The end result of two hours of discussion by the Eastport School Committee at a meeting on June 24 was to cut $36,000 from its budget of the $100,000 requested by the city budget committee. The budget committee was acting on the request of the city council, which had held a June 17 budget workshop and had recommended that the local tax rate of 23 mills not be increased. School board members Meg McGarvey, David Gholson and Chair Will Bradbury voted in favor of the cuts, with the recommendation to the council that the budget committee find an additional $64,000 in the municipal budget if the goal is to keep the city's mill rate flat. Board members Richard Clark and Merilyn Mills voted against the motion.
City Council Chair Mary Repole was in attendance and told the school committee, "The fact is, the general consensus of the council is that we need to cut more. I asked a lot of questions [at the June 17 workshop], and they will be asked again. I am totally committed to educating our students." However, she added that there was a significant sentiment within the city that taxes needed to be kept flat.
Without any additional changes, the proposed fiscal year 2014B2015 total City of Eastport budget would be $4,629,148, just about $70,000 more than last year's budget. The school committee's May 29 budget was for a total of $2,520,452, $169,955 more than the previous year, and of which $1,409,070 would be raised by local taxation. To inject a little competitive spirit to the process, Bradbury noted that the Lubec school board has recommended asking for local taxation to support $1.6 million for the school budget at the town's referendum vote later this summer.
AOS 77 Superintendent Jim Underwood explained that Lubec no longer has a high school and must pay to have its students sent to other schools. Lubec will be paying about $450,000 for that service, or almost a third of its budget. Shead expects to have 72 tuition students, each of which brings in $8,165. The total school population is expected to be 193, with 80 at the elementary and 113 at the high school. However, Shead Principal Paul Theriault cautioned that budget projections are usually conservative and cannot take into account upper classmen transfers and other bumps up in student enrollment.
Two principals, two buildings questioned
At the start of the meeting Underwood presented a list of possible cuts that totaled $97,000. "There are priority decisions to make," he told the committee. The list of cuts included: elimination of the new industrial arts program, $45,567; reduction of the arts program contract with the Eastport Arts Center, $8,500; elimination of an ed tech III at the elementary school, $24,054; elimination of the Jobs for Maine's Graduates position, $12,000; elimination of the proposed part‑time cook, $5,709; a reduction in the number of high school windows to be replaced, $12,000; high school library costs, $382. While the total number of cuts came to just over $108,000, Underwood noted that the actual number was $97,000 because some salary figures had been adjusted after the list was compiled.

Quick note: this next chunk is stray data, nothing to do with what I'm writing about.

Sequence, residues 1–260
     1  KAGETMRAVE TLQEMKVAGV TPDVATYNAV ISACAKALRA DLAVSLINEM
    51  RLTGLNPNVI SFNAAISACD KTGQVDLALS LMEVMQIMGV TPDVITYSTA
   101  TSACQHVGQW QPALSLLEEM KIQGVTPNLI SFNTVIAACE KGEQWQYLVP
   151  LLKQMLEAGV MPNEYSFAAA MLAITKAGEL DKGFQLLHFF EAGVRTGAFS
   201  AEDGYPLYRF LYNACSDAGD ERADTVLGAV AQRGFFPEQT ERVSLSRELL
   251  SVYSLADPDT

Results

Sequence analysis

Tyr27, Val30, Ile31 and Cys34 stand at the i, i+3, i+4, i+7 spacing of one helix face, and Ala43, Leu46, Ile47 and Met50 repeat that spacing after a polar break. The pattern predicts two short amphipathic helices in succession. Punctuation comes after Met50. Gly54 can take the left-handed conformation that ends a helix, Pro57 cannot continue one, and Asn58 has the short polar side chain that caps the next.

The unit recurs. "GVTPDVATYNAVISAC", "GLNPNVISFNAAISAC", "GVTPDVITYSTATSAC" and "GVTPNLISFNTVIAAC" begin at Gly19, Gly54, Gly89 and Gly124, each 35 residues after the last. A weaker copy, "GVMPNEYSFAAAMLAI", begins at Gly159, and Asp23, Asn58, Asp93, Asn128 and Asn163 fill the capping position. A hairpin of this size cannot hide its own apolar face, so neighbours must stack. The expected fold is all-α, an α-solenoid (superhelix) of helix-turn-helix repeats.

The cuts eventually decided on were for the ed tech III position, currently unfilled, and the windows, for the total of $36,000. All other cuts were deemed too important to educational programming, with the new industrial arts program referred to as a potential big draw for tuition students, a source of revenue for the school system.
"I have a problem with the proposal," said Mills. "Except for the windows, it all affects students. Our primary focus should be to educate. Are there other things?"
Clark and Mills were curious about the savings associated with having just one principal oversee the two schools, now with fewer than 200 students. In addition, Clark suggested that one building might be sufficient now that the student population had dropped below that mile marker. He told the committee and the audience of 10 that if the school committee waited until the school population was down to 130 to make those big decisions there would be no school left to work with. Having students under one roof, he suggested, would save on a number of costs, but would also make it easier to have just one principal. Currently each school has a principal, and the high school has an assistant principal who is paid as a teacher but not for the additional principal duties.
Anticipating the question about savings with the principal positions, Underwood said that by his calculation the school system would save only $22,000 if it eliminated the elementary school teaching principal position. Clark spent some time doing his own calculations and challenged Underwood's figure saying that by his calculation the savings were more like $43,000. After looking over his numbers the superintendent agreed that Clark's figures were accurate, but still stood by his estimate saying that there were additional factors to consider.
In addition, Mills was joined by Gholson and Bradbury in suggesting that future contract negotiations needed to change the health insurance dynamic. An audience member pointed out that in some cases staff were receiving far more in health insurance benefits because of family coverage than they were in salary. Mills felt that the school should only be paying for single payer coverage for teachers and administrators. "We can be proactive about this next year," Bradbury said.